April 17, 1862.--capture of Union refugees near Woodson's Gap, Tenn.
Reports, etc.No. 1.-Maj. Gen. E. Kirby Smith, C. S. Army, with instructions in reference to enlistment of Union refugees. No. 2.-Capt. H. M. Ashby, Company C, Fourth Battalion Tennessee Cavalry.
No. 1.-report of Maj. Gen. E. Kirby Smith, C. S. Army, with instructions in reference to enlistment of Union refugees.
Hdqrs. Department of East Tennessee, Knoxville, Tenn., April 18, 1862.A body of 700 Union men en route for Kentucky were attacked to-day [yesterday] by Captain Ashby above Fincastle. After a short battle 400 were taken prisoners, whom I will send south to-morrow. Where shall they go I General Carter claims by a flag of truce a like party captured some weeks since to be Federal troops.
Knoxville, Tenn., April 23, 1862.Sir: On the 17th instant 475 Union men of East Tennessee were captured en route for Kentucky, and sent, by Major-General Smith's order, on the 20th instant, to Milledgeville, Ga. Some of them expressed a wish before leaving to enlist in the Confederate States Army. They were not permitted to do so, because of the apprehension that they might [not] be faithful here to their oath of allegiance. Elsewhere they may make good soldiers. Remembering your request, the majorgeneral commanding directs me to say that you have whatever authority he can give you to proceed to Milledgeville, Ga.. and enlist as many of them as consent for service in South Carolina, or elsewhere except in East Tennessee. Very respectfully, your obedient servant,
No. 2.-report of Capt. H. M. Ashby, Company C, Fourth Battalion Tennessee Cavalry.
Knoxville, Tenn., April 26, 1862.Sir: According to your order of the 16th I left Knoxville at 4 p. m., with about 40 men from my company and the same number of Captain Bradley's, and proceeded to Clinton, where I was joined by 40 men of Captain Gillespie's company, under Lieutenant King. I marched all night, reaching Jacksborough about sunrise next morning. Five miles above Jacksborough, at Big Creek Gap, I left Captain Bradley, with his command, to reconnoiter the country between that point and Fincastle, 5 miles above Big Creek Gap. there to await furother  orders. With the remainder of my command I pressed on to Woodson's Gap, 6 miles beyond Fincastle, where I detached Lieutenant Gibbs, of my company, with 10 men, to guard the road coming into Woodson's Gap from the direction of Clinch River. I then pressed forward with the remnant of my command to watch some passes a few miles above. In a short time a courier from Lieutenant Gibbs informed me that he had captured the advance guard of the tories, when I immediately changed direction and returned to Woodson's Gap. The tories had by this time come in full view, with an apparent force of from 700 to 800 men. I at once ordered Lieutenants Owens and Gibbs, of my company, to attack them in the rear with 25 men, while I charged them in front, thereby preventing their crossing to Cumberland Mountains. After an hour's fight I succeeded in capturing 423 prisoners, killing about 30 and wounding the same number. Five members of my company were seriously wounded during the engagement; among the number Lieutenant Gibbs. Captain Bradley's company was not engaged in the fight, having been left, as stated above, at Big Creek Gap. Officers and men under my command behaved with great gallantry. Very respectfully, your obedient servant,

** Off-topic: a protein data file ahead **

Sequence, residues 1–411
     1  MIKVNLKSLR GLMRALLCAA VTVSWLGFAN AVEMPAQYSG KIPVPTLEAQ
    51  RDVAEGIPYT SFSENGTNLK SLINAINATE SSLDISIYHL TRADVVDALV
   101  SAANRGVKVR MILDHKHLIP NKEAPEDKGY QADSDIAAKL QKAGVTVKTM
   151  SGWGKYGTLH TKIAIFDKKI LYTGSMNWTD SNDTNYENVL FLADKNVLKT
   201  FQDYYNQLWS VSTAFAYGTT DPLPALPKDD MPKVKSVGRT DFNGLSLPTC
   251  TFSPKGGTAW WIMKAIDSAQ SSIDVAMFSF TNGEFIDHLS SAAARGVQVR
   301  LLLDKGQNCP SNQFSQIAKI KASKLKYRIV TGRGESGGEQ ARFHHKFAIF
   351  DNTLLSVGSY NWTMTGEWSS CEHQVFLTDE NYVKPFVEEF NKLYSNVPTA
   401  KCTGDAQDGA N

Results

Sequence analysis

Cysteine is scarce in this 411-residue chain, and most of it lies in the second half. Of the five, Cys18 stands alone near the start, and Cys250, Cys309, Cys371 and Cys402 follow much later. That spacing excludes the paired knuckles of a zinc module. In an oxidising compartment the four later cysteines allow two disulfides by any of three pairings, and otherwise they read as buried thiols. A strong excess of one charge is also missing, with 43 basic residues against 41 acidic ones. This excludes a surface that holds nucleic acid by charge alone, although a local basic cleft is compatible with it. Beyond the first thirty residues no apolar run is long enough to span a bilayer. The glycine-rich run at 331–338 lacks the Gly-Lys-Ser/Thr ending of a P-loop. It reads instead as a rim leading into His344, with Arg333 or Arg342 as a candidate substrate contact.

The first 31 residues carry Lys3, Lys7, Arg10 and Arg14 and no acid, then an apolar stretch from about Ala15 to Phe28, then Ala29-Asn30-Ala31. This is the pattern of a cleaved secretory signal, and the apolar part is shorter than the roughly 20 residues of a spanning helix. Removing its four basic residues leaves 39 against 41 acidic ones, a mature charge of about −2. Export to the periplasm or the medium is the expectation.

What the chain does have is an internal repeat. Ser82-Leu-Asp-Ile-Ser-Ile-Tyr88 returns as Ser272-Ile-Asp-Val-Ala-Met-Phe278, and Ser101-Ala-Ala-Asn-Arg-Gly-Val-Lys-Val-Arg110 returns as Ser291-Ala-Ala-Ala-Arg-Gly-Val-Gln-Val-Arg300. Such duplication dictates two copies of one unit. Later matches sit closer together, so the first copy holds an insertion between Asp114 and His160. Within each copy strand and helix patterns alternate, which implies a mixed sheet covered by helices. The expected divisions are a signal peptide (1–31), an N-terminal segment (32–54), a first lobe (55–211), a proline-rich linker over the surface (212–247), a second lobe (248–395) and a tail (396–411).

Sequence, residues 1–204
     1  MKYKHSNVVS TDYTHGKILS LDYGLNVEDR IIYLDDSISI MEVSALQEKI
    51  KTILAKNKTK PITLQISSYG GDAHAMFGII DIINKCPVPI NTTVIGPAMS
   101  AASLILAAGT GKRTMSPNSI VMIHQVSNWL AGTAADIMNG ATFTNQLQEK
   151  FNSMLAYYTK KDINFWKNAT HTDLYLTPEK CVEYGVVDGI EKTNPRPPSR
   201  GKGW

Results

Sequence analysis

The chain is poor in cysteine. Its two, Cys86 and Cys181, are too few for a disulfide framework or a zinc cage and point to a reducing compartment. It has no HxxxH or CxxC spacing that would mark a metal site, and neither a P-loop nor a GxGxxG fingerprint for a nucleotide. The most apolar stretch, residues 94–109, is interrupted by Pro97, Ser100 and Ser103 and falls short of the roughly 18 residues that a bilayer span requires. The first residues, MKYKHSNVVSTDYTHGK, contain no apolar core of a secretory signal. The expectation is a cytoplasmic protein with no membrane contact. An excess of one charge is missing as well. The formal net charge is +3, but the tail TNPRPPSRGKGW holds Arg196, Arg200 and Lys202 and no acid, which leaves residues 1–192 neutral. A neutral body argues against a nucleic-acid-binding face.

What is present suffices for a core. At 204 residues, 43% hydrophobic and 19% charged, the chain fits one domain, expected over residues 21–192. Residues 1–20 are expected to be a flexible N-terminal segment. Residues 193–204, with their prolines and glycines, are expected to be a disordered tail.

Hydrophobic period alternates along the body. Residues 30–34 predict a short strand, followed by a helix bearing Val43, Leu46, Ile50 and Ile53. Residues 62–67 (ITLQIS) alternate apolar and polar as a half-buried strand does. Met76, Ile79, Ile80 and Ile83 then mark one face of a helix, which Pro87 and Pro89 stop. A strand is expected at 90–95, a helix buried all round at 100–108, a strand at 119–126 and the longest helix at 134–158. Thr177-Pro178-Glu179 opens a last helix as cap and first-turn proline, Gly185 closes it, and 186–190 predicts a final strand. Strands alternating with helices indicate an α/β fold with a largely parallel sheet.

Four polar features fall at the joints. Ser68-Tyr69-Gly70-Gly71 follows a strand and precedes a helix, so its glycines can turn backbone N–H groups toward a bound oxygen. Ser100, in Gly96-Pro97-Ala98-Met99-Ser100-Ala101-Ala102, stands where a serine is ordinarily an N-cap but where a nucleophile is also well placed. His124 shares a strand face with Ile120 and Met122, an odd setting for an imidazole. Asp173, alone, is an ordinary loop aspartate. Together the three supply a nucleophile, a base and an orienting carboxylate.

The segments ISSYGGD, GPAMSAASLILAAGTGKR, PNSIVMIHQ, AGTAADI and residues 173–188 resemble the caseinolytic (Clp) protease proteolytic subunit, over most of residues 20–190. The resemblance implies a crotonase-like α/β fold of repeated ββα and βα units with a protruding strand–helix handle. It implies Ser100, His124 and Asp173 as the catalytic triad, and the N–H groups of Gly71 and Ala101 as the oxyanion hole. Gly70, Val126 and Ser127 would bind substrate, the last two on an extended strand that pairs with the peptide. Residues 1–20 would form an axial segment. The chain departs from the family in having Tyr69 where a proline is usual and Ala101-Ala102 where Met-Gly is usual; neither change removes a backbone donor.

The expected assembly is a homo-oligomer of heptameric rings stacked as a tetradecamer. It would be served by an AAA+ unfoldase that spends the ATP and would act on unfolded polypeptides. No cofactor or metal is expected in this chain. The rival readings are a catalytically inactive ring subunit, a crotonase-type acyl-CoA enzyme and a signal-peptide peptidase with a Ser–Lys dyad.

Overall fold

Hdqrs. Dept. East Tennessee, April 27, 1862.Respectfully forwarded. The energy and gallantry evinced on this occasion by Captain Ashby is consistent with his whole military career. He is commended to the notice of the Department as an efficient cavalry officer, worthy of advancement.
E. Kirby Smith, Major-General, Commanding.